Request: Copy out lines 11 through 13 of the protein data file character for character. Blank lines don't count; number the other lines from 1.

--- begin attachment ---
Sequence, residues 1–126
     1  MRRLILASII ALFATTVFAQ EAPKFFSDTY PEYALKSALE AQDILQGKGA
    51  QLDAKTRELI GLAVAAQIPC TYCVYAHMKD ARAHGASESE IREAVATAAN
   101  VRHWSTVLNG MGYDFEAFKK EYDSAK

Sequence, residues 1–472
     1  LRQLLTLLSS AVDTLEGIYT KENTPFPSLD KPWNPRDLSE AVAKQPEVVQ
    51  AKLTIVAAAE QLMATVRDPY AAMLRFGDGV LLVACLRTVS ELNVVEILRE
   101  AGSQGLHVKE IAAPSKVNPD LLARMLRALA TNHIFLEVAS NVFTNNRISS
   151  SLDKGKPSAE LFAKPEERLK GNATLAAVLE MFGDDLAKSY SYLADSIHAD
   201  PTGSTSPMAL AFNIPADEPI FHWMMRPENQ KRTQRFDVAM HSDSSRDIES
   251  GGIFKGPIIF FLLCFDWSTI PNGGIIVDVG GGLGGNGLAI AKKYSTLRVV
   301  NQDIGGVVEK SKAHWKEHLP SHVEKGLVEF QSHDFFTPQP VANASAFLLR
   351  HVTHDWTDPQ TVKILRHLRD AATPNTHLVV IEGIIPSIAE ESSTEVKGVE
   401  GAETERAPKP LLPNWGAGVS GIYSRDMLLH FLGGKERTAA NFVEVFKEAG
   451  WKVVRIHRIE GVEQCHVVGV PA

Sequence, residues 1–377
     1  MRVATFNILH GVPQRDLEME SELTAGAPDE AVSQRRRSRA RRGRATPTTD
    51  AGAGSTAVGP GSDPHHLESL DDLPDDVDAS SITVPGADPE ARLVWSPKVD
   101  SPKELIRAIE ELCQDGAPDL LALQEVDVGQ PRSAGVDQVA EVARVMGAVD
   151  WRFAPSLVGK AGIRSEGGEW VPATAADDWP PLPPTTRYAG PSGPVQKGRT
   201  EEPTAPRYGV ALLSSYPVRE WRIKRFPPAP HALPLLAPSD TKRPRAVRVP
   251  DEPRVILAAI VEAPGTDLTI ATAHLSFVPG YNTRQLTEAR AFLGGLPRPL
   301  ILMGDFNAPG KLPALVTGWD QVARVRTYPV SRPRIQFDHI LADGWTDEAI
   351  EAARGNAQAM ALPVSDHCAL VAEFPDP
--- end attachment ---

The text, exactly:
   251  GGIFKGPIIF FLLCFDWSTI PNGGIIVDVG GGLGGNGLAI AKKYSTLRVV
   301  NQDIGGVVEK SKAHWKEHLP SHVEKGLVEF QSHDFFTPQP VANASAFLLR
   351  HVTHDWTDPQ TVKILRHLRD AATPNTHLVV IEGIIPSIAE ESSTEVKGVE